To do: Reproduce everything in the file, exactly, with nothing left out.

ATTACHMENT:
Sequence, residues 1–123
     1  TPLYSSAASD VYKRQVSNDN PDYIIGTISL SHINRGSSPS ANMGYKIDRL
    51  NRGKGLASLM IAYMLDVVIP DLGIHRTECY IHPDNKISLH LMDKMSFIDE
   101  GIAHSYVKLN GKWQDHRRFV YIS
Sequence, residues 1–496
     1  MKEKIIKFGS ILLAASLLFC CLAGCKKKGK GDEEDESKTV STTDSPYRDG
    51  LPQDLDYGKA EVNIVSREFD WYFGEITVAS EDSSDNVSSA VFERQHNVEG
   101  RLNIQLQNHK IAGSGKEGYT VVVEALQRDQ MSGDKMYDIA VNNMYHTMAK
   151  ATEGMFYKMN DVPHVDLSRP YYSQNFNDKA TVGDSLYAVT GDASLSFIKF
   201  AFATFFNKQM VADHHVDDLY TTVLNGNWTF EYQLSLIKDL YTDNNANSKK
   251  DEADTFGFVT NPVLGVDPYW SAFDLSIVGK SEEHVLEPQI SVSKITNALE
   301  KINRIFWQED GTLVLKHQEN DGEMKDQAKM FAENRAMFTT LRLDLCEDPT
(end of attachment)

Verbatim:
Sequence, residues 1–123
     1  TPLYSSAASD VYKRQVSNDN PDYIIGTISL SHINRGSSPS ANMGYKIDRL
    51  NRGKGLASLM IAYMLDVVIP DLGIHRTECY IHPDNKISLH LMDKMSFIDE
   101  GIAHSYVKLN GKWQDHRRFV YIS
Sequence, residues 1–496
     1  MKEKIIKFGS ILLAASLLFC CLAGCKKKGK GDEEDESKTV STTDSPYRDG
    51  LPQDLDYGKA EVNIVSREFD WYFGEITVAS EDSSDNVSSA VFERQHNVEG
   101  RLNIQLQNHK IAGSGKEGYT VVVEALQRDQ MSGDKMYDIA VNNMYHTMAK
   151  ATEGMFYKMN DVPHVDLSRP YYSQNFNDKA TVGDSLYAVT GDASLSFIKF
   201  AFATFFNKQM VADHHVDDLY TTVLNGNWTF EYQLSLIKDL YTDNNANSKK
   251  DEADTFGFVT NPVLGVDPYW SAFDLSIVGK SEEHVLEPQI SVSKITNALE
   301  KINRIFWQED GTLVLKHQEN DGEMKDQAKM FAENRAMFTT LRLDLCEDPT